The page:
Hmmm, you have more snow in Milan than we have here in the south of Sweden (= none). The world is upside-down....
I think the summer temperature is more important than the winter temperature, since the plants assimilate the heat to cope with the winter. And you can make your micro-climate better using stone walls, ponds, wind shelter and so on. It is quite interesting =) /Helen

orchis said...

Nice photos! All that snow reminds me of Norway. Glad we don't get it here though.

I think it's fun to push the limit of my hardiness zone. From the map I can see that I am well within zone 10. Still I manage to grow a few zone 11 plants. Delonix regia is one example. It has become quite big but not flowered yet.

kompoStella said...

oh! you lucky you! i adore snow... the light, the clean feeling and the silence it brings. we've had only miserable little attempts so far like the last several winters. i want to take pretty snow pictures like yours! here's to hoping...

Jan (Thanks For 2 Day) said...

This subject is of interest to me, too...Sue. I live in VA where I'm 'between' zones 6 and 7. It really depends on the time of year and what the weather is that particular season. I can't grow things that people in the same zone a bit south of me can...so it's a bit confusing.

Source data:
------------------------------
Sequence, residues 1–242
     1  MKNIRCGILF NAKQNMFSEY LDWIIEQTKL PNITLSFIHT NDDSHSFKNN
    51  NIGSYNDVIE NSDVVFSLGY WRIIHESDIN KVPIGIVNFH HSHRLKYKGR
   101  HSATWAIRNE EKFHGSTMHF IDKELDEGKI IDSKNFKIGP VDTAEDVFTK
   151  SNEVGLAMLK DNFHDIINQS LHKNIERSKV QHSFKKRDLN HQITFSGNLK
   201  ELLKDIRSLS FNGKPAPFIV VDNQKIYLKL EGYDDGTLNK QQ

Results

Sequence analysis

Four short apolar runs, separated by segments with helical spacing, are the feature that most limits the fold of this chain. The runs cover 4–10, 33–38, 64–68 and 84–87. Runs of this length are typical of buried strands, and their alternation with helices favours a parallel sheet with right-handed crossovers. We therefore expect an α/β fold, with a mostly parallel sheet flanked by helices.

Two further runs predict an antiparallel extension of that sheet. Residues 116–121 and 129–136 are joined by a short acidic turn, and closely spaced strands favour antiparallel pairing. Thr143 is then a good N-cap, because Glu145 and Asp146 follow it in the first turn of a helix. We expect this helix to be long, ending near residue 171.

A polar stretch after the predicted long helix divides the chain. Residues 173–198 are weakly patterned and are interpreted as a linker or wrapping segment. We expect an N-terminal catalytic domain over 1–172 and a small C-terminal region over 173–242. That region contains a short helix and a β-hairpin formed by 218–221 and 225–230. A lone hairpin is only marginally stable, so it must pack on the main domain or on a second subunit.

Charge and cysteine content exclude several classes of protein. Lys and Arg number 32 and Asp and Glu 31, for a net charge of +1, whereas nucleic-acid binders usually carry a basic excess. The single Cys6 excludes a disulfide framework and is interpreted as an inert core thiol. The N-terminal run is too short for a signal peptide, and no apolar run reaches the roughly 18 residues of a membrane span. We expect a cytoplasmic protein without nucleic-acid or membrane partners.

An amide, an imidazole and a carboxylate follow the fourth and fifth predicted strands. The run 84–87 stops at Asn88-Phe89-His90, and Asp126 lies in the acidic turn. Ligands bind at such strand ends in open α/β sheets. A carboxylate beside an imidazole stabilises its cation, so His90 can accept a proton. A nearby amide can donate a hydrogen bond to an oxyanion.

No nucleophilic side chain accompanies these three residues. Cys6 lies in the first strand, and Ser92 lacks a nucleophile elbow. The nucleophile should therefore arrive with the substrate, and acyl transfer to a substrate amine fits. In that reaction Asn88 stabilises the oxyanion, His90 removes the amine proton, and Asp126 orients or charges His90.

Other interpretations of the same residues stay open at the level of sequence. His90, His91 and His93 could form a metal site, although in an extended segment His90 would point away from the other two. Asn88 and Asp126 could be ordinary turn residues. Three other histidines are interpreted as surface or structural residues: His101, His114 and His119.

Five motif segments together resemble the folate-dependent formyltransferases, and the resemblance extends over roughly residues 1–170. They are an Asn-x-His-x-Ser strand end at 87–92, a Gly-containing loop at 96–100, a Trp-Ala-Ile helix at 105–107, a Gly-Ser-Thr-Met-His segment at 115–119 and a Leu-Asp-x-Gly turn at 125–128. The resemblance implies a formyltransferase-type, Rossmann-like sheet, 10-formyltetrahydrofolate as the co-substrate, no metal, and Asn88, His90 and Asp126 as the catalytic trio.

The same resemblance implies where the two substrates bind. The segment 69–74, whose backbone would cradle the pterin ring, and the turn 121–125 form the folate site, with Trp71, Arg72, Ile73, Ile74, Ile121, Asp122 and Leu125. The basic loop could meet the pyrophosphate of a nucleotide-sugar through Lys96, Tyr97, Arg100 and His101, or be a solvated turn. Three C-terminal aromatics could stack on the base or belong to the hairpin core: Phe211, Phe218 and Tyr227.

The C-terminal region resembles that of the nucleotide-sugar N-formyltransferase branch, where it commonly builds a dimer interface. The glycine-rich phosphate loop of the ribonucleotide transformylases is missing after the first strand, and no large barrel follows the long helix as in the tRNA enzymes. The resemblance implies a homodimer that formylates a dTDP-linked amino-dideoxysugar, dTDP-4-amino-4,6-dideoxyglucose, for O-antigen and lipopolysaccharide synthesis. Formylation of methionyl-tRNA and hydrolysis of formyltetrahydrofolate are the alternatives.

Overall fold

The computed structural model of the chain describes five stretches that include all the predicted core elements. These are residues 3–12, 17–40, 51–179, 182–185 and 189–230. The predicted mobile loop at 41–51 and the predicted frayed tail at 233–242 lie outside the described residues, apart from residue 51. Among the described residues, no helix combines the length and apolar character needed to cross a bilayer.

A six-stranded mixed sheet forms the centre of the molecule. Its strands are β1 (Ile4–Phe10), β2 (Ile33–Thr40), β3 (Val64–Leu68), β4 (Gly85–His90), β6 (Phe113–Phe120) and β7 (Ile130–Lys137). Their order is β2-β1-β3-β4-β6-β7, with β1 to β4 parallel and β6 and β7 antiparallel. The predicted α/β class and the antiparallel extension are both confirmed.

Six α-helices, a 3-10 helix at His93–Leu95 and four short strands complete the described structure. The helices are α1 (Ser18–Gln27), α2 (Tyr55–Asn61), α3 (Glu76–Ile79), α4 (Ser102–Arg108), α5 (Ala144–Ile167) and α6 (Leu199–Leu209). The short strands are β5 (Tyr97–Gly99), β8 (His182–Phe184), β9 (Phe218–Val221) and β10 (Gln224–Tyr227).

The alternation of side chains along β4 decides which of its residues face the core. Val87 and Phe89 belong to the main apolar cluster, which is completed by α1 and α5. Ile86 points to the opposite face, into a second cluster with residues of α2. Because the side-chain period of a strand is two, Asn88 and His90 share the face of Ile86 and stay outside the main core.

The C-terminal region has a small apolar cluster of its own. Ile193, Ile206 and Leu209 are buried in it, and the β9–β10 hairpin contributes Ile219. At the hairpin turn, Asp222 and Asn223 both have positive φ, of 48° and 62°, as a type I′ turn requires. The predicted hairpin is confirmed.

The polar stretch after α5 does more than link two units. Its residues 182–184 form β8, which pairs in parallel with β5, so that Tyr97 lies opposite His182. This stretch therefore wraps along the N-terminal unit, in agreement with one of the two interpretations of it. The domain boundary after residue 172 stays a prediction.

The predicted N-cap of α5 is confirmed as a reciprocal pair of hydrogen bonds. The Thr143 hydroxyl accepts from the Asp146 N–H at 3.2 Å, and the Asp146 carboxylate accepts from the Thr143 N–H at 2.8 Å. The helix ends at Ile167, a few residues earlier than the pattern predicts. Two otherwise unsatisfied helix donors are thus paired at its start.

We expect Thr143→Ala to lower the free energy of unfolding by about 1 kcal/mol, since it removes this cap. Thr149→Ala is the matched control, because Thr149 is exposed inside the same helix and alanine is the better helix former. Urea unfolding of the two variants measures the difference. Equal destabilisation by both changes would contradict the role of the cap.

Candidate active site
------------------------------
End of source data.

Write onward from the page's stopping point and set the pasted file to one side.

You have so much snow, it looks freezing cold to me...brrrr. I think I'll go wrap myself in a nice warm quilt now...
Take care!

Monica the Garden Faerie said...

Wow! Not that I'm any kind of expert on Italy, but that *does* seem like a lot of snow for you!!

VW said...

Hi Sue,
Looks like the crazy winter weather isn't confined to the US! Here in Spokane, WA, December was the snowiest month since record-keeping began in 1893 (61 inches). We passed 2 meters total in January. RE the microclimates, have you read Garden Chick's post about that? She makes me laugh: http://garden-chick.typepad.com/garden_chicks_design_tips/2009/01/before-and-after.html
Regards, VW

VW said...

Oops, this is the link I meant to leave: http://garden-chick.typepad.com/garden_chicks_design_tips/2009/01/when-did-microclimates-become-a-fashion-statement.html
Sorry! - VW

LadyLuz said...

It's been good to stop by after a long gap of doing almost nothing (inertia has set in in this house, sadly). My, what a winter you've had.

We're supposed to be Zone 9, but have had the coldest, wettest winter yet, leaving us impotent to do anything out there.

Extraordinarily, things are blooming - nasturtium, clematis, lavender and the little bulbs are coming up.....so are the weeds, like crazy.

I know it'll dry up soon and we'll be cursing the heat.

Ellen Kirby said...

Great blog...I really enjoyed it and think you've got a real niche with the balcony garden. I worked in Brooklyn, NY and didn't see nearly as many balcony gardens as I would have liked. Great potential. and you're doing great to spread the word.